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Severe walnut allergies in children caused by storage proteins

Published online: January 29, 2019
Walnut is thought to be a main trigger of food allergy to tree nuts causing a high rate of anaphylactic reactions. Systematic studies evaluating the clinical relevance of individual walnut allergens have not been performed, and immunotherapy of walnut allergy has not been established in clinical practice.  
In a recent clinical study published in The Journal of Allergy and Clinical Immunology: In Practice, Ballmer-Weber and collaborators recruited adults and children with walnut allergy from Switzerland, Spain, and Germany. Walnut allergy was confirmed by food challenge tests provided that the severity of the allergy allowed for the testing. The presence of IgE antibodies specific for a comprehensive panel of ten walnut protein components or protein fractions was tested in blood samples, both from allergic and control subjects. Furthermore, skin tests (prick tests) with various allergen extracts were performed. In total, 91 walnut allergic subjects and 24 controls were included.
The researchers found that sensitization to walnut storage proteins as a rule occurs in childhood and is associated with severe allergy symptoms. Apart from one allergen (rJug r 5), levels of the specific IgE against walnut extracts and walnut components were higher in study participants younger than 14 years of age than in older participants. Furthermore, all participants younger than 14 years of age developed severe allergy symptoms whereas 38 percent of the study participants aged 14 and above showed only mild reactions. Those with severe allergy symptoms showed higher specific IgE levels against walnut extract and against some of the walnut components studied. In particular, high IgE levels to the 2S albumin Jug r 1 and to high and low molecular weight vicilin fractions (Jug r 2 and Jug r 6), but not to non specific lipid transfer protein (Jug r 3) and the pathogenesis-related protein 10 (Jug r 5) correlated with systemic reactions to walnuts.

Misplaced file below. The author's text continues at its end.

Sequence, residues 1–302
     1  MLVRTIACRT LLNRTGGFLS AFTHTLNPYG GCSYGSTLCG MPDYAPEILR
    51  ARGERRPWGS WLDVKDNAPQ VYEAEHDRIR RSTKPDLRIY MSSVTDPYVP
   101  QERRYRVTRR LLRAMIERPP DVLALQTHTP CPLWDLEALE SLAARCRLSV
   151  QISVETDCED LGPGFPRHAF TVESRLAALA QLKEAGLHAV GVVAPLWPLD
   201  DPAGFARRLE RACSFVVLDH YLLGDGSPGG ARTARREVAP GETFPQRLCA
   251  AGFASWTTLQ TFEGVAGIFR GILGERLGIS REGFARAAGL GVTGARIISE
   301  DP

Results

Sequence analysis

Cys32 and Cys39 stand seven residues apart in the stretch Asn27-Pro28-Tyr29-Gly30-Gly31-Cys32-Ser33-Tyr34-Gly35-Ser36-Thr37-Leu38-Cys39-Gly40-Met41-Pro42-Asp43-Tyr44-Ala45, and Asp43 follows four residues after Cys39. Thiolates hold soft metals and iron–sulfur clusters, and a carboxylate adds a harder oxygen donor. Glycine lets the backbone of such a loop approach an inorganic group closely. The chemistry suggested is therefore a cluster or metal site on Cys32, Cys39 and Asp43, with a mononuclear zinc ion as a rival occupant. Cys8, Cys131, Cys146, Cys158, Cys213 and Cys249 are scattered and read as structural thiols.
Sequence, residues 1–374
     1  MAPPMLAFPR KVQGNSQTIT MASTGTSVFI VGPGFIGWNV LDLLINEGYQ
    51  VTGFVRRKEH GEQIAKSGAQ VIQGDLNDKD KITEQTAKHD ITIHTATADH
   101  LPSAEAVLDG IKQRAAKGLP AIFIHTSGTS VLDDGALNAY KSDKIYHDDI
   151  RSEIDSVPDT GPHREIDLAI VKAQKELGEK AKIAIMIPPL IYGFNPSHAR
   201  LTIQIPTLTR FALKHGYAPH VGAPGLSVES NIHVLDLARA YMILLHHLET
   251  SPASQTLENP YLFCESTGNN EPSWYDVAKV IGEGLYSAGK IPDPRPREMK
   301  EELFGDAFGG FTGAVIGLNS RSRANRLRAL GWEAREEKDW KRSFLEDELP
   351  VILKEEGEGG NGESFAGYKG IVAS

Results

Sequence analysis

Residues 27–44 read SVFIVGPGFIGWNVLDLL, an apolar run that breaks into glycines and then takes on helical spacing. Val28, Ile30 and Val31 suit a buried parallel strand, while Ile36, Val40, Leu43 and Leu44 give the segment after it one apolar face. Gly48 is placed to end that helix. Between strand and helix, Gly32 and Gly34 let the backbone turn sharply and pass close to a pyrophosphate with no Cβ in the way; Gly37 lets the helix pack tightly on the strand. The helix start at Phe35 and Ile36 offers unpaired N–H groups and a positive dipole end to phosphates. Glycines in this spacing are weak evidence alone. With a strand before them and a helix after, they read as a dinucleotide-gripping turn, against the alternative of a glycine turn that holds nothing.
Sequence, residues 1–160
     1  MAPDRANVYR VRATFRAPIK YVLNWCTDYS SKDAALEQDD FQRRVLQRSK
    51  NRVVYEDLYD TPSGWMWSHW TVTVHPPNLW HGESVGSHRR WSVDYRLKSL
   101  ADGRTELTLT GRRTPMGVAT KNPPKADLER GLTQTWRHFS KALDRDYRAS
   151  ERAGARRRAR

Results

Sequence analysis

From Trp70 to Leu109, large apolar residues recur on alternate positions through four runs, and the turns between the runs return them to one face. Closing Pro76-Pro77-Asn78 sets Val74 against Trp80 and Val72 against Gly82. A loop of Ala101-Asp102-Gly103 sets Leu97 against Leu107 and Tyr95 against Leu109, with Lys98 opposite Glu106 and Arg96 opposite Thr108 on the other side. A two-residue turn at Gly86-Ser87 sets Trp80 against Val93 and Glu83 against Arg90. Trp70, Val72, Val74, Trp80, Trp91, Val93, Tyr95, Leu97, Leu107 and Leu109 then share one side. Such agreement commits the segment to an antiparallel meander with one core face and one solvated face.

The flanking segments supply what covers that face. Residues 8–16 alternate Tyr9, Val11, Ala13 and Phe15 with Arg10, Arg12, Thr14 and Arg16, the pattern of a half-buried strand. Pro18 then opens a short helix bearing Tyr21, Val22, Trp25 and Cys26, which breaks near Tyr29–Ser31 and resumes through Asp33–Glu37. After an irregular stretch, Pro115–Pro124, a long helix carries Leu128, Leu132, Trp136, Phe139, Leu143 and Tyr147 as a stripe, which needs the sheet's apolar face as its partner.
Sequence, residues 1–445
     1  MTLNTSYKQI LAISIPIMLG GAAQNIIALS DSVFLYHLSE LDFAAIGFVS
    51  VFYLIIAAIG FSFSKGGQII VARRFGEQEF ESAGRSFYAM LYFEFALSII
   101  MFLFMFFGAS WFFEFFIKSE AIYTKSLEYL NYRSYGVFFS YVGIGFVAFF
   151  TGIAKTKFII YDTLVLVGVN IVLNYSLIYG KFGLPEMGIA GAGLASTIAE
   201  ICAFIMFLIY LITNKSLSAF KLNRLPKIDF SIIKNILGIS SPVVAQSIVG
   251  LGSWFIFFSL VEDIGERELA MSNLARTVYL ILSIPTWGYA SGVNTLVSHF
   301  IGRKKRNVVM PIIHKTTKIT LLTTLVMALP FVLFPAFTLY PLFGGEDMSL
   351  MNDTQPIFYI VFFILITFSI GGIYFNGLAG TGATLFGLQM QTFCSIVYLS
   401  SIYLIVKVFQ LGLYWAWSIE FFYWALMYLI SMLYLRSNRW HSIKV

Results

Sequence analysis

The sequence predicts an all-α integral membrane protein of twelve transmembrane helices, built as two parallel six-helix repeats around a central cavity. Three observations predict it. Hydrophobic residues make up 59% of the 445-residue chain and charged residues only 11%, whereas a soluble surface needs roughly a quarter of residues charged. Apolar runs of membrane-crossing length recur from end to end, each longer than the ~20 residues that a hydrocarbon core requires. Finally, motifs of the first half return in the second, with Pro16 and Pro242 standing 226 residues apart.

Walnut allergy is an important and prevalent tree nut allergy associated with severe allergic symptoms. The study provides information on the relative importance of all known walnut allergens across Europe and evidence suggesting that vicilins may be as important as 2S albumin in walnut allergy. Patients with early onset walnut allergy have an elevated risk of severe reactions and should be given particular attention by clinicians. Vicilins and 2S albumin may serve as risk marker and targets for developing immunotherapy of food allergy to walnuts

The Journal of Allergy and Clinical Immunology: In Practice is an official journal of the AAAAI, focusing on practical information for the practicing clinician.